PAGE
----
2 Corinthians 1
Study through the Book of 2 Corinthians
The apostle Paul is the undisputed author of 2 Corinthians. Although some scholars have questioned whether Paul wrote 6:14–7:1, due to its unique vocabulary and subject matter, these differences are more likely due to the fact that in this passage Paul is quoting a collage of Scripture. Second Corinthians is actually the fourth letter that Paul sent to the church he founded in Corinth (Acts 18:1–17), together with the house churches “in the whole [province] of Achaia,” of which Corinth was the capital (2 Cor. 1:1; 11:10; cf. Rom. 16:5, 23; 1 Cor. 16:15, 19). The four letters are (1) the previous letter mentioned in 1 Corinthians 5:9; (2) our 1 Corinthians; (3) the tearful, severe letter mentioned in 2 Corinthians 2:3–4; and (4) our 2 Corinthians.
Paul wrote 2 Corinthians from Macedonia around A.D. 55/56, a year or so after writing 1 Corinthians and a year before he wrote his letter to the Romans from Corinth (Acts 20:2–3). 
Reading 2 Corinthians is something like turning on the television in the middle of a very complicated play. People are talking and things are happening, but we’re not at all sure who some of the characters are or what the plot is. In fact, in coming to this letter from 1 Corinthians, one has the sense of entering a new wold. Few of the issues raised in the earlier letter appear here, except the concern over the collection (1 Cor 16:1-4/2 Cor 8-9) and perhaps a return to the matter of idol food in 2 Corinthians 6:14-7:1. But that is a surface view; what holds the two together is the overriding relational tension one senses between Paul and the Corinthians regarding true apostleship.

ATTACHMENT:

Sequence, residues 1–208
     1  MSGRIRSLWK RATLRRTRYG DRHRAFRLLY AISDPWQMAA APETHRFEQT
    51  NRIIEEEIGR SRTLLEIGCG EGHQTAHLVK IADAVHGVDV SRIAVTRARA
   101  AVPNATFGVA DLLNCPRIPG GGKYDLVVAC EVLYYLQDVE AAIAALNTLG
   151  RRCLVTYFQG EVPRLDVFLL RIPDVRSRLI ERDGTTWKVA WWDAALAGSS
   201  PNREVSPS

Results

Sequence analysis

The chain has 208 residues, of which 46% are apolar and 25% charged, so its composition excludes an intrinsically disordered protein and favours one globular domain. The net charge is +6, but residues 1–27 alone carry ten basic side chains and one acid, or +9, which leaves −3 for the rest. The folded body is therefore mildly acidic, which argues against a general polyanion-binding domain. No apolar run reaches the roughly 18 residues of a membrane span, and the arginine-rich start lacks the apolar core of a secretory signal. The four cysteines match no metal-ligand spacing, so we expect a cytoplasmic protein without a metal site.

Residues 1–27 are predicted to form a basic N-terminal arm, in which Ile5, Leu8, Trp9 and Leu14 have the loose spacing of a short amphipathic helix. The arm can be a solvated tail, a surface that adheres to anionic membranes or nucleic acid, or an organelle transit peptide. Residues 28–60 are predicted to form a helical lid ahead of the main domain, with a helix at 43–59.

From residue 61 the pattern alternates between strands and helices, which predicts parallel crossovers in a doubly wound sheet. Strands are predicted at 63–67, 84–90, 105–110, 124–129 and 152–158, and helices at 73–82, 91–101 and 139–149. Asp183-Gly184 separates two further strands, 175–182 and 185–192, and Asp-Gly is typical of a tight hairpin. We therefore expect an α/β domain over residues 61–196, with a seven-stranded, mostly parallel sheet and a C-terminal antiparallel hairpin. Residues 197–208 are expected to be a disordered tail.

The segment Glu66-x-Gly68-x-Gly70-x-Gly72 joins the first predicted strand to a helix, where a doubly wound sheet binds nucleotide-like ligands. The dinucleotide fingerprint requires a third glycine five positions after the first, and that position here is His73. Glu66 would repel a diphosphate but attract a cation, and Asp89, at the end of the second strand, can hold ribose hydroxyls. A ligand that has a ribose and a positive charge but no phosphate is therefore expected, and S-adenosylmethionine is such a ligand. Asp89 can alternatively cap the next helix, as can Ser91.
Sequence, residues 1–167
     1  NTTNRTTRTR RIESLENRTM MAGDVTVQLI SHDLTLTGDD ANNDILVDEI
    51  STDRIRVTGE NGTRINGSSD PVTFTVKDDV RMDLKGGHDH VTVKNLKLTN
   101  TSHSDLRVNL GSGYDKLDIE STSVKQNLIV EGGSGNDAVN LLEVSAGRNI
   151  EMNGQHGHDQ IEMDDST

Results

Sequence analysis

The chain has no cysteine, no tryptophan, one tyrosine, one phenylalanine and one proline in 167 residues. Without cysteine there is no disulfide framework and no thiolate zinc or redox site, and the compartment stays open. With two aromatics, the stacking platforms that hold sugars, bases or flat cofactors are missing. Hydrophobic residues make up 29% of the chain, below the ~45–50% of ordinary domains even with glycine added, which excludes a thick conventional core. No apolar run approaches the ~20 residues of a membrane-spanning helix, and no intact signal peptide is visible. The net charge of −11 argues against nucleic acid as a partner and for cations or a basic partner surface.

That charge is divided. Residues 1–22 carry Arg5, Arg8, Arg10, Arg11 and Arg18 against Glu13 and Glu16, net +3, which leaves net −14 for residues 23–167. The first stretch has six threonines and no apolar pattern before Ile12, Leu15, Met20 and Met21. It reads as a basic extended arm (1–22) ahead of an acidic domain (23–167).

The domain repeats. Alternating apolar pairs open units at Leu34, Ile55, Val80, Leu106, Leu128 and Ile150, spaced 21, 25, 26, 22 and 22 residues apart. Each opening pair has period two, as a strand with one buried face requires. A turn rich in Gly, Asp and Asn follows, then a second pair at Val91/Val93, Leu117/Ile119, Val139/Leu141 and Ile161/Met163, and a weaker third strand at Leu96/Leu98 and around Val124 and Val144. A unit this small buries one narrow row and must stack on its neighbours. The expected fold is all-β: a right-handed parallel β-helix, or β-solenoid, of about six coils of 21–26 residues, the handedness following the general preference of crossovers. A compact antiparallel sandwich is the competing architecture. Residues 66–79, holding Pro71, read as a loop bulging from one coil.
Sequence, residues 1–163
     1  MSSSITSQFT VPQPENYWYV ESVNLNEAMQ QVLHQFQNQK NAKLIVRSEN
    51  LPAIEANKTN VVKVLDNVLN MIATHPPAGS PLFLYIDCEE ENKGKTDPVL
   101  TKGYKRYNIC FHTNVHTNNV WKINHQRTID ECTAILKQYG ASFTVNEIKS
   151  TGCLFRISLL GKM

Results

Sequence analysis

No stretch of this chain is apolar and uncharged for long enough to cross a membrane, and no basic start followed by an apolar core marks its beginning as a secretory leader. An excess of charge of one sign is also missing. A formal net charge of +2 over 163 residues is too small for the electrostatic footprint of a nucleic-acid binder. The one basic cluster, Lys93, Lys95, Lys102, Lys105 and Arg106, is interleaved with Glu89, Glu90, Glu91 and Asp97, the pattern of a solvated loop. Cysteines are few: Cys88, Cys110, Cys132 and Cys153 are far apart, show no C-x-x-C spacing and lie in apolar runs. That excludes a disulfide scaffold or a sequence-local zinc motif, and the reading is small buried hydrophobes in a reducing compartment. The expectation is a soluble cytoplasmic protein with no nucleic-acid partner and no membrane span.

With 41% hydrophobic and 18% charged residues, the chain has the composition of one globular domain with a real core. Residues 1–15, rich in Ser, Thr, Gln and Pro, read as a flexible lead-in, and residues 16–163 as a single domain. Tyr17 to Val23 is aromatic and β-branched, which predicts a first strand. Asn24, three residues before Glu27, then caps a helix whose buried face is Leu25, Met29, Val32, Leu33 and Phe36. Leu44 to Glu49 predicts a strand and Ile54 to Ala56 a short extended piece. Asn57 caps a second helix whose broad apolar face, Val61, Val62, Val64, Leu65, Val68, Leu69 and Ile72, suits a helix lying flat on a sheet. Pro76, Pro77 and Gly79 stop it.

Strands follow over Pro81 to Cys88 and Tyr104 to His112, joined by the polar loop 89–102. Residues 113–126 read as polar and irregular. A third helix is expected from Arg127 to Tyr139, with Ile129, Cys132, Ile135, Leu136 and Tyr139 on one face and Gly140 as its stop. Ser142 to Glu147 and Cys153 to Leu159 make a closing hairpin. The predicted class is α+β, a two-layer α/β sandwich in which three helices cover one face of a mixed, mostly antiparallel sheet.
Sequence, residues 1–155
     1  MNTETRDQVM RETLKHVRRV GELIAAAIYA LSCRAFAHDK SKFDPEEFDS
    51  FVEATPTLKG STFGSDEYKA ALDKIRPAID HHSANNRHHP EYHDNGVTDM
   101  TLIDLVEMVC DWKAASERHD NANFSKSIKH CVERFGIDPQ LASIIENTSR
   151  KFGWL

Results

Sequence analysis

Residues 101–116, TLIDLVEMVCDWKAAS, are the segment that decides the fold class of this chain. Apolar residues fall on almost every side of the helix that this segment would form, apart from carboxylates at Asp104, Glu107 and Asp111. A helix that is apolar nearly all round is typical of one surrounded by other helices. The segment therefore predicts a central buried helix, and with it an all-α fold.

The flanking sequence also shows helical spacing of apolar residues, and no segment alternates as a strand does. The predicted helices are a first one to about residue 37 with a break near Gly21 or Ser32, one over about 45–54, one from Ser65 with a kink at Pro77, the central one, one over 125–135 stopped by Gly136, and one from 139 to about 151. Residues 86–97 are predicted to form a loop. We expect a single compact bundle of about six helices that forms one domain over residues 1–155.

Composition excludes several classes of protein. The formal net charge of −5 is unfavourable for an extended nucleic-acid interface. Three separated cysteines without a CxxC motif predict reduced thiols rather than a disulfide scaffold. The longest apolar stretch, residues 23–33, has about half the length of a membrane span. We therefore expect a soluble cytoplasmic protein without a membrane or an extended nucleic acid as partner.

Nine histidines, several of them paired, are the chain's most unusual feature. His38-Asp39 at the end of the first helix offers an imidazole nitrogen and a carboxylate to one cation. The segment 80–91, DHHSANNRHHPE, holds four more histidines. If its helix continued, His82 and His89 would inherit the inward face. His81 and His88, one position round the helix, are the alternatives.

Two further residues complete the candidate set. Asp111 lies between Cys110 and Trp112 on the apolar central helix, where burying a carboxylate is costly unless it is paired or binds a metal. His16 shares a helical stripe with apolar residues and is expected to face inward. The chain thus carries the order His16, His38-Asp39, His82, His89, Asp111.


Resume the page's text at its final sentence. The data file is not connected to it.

Four matters that play off against one another in the course of our letter(s) account for all of its parts: (1) Paul’s change of plans regarding visits to Corinth, (2) the collection, (3) his apostleship and ministry, and (4) the presence of the Jewish Christian itinerants.
The first three matters carry over from 1 Corinthians and are dealt with in 2 Corinthians 1-9. A chronological explanation of his immediate past relations with them, apparently touched off by his change of mind about proposed and actual visits, is found in 1:12-2:13 and picked up again in 7:5-16. The long interruption of 2:14-7:4 is the crown jewel of the letter. Here Paul defends his apostleship-in-weakness (recall 1 Corinthians), a matter that has been aggravated by Paul’s opponents (2:14-4:6). The need to have the collection ready before he comes is addressed in chapters 8-9. Chapters 10-13 contain a vigorous attack against his Jewish Christian opponents—comparable to that in Galatians (cf. Phil 3:2)—interspersed with indignation, biting sarcasm, and gentle appeals to the Corinthians to come to their senses.
 ESV: Study Bible : English Standard Version. Wheaton, Ill: Crossway Bibles, 2008. 2219.
 Fee, Gordon D, and Douglas K. Stuart. How to Read the Bible Book by Book: A Guided Tour. Grand Rapids, Mich: Zondervan, 2002. 333-334.
- Journal & Pray
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Read • Remember • Reflect
Read the passages slowly. Write out the verses you want to remember. Write how God spoke to you through the passages. Jot down your observation and reflection in the verses.